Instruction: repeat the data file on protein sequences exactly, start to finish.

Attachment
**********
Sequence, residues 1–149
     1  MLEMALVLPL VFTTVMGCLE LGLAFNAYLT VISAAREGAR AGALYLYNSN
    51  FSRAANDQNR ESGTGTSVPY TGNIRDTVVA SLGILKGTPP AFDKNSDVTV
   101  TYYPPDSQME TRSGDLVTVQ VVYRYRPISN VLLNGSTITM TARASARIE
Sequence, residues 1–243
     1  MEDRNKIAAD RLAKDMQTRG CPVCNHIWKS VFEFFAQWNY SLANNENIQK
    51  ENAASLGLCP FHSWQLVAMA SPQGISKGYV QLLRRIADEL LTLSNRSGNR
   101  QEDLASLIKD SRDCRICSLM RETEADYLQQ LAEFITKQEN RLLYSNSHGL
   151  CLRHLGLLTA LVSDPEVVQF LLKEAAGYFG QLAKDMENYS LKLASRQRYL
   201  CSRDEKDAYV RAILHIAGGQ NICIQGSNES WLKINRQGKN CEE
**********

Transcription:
Sequence, residues 1–149
     1  MLEMALVLPL VFTTVMGCLE LGLAFNAYLT VISAAREGAR AGALYLYNSN
    51  FSRAANDQNR ESGTGTSVPY TGNIRDTVVA SLGILKGTPP AFDKNSDVTV
   101  TYYPPDSQME TRSGDLVTVQ VVYRYRPISN VLLNGSTITM TARASARIE
Sequence, residues 1–243
     1  MEDRNKIAAD RLAKDMQTRG CPVCNHIWKS VFEFFAQWNY SLANNENIQK
    51  ENAASLGLCP FHSWQLVAMA SPQGISKGYV QLLRRIADEL LTLSNRSGNR
   101  QEDLASLIKD SRDCRICSLM RETEADYLQQ LAEFITKQEN RLLYSNSHGL
   151  CLRHLGLLTA LVSDPEVVQF LLKEAAGYFG QLAKDMENYS LKLASRQRYL
   201  CSRDEKDAYV RAILHIAGGQ NICIQGSNES WLKINRQGKN CEE